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Thinking Outside Your Box...
Or Writing Isn't Always About Writing
Sure, we may all want to just cuddle in our little garrets, a purring pile of fur in our laps, leather patches on our sleeves, a pipe at the ready, and do nothing but write masterpieces all day and night – with periodic breaks for binge-drinking and soon-to-be legendary sexual escapades – but the fact of the matter is that being a writer has totally, completely, changed.
I’m not just talking about the need to be a marketing genius and a publicity guru – spending, it feels too often, more time tweeting about Facebook, or Facebooking about tweeting, than actually writing – but that authors really need to be creative when it comes to not just getting the word out about their work but actually making money.
A lot of people who claim to be marketing geniuses and publicity gurus will say that talking about you and your work as loud as possible, as often as possible, is the trick … but have you heard the joke about how to make money with marketing and PR? Punchline: get people to pay you to be a marketing genius and/or a publicity guru. In short: just screaming at the top of the tweety lungs or burying everyone under Facebook posts just won’t do it.
Not that having some form of presence online isn’t essential – far from it: if people can’t find you, after all, then they can’t buy your books. But there’s a big difference between being known and making everyone run for the hills – or at least stop up their ears – anytime you say or do anything online.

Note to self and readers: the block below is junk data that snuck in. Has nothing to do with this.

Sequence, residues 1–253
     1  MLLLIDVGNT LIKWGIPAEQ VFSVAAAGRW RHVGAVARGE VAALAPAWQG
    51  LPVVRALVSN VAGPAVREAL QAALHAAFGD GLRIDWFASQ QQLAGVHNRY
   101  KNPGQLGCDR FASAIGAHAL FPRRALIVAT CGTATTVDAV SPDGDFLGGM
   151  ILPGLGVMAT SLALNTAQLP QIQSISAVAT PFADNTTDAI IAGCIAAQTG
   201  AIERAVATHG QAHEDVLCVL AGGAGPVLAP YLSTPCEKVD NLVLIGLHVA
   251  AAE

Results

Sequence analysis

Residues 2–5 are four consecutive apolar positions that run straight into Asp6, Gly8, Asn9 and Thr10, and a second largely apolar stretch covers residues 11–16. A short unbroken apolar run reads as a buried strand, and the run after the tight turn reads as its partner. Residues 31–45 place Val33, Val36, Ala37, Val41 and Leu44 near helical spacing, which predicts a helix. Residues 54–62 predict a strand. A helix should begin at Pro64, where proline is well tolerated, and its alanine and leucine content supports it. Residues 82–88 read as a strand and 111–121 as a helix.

Balance is the key: don’t just talk about your books or your writing because, honestly, very few people care about that … even your readers. Instead find a subject that interests you, and write about that as well. Give yourself some dimension, some personality, some vulnerability, something … interesting, and not that you are not just an arrogant scream-engine of me-me-me-me. Food, travel, art, history, politics … you pick it, but most of all have fun with it. Forced sincerity is just about as bad as incessant narcissism.
Okay, that’s all been said before, but one thing a lot of writers never think about is actually getting out from behind their computers or out of their garret to take in the opening to this. Sure, writing may far too often be a solitary thing, but putting yourself out there in the (gasp) real world can open all kinds of doors. I’m not just talking publicity-that-can-sometimes-equal-book-sales, eithe. There’s money to be made in all kinds of far-too-often overlooked corners.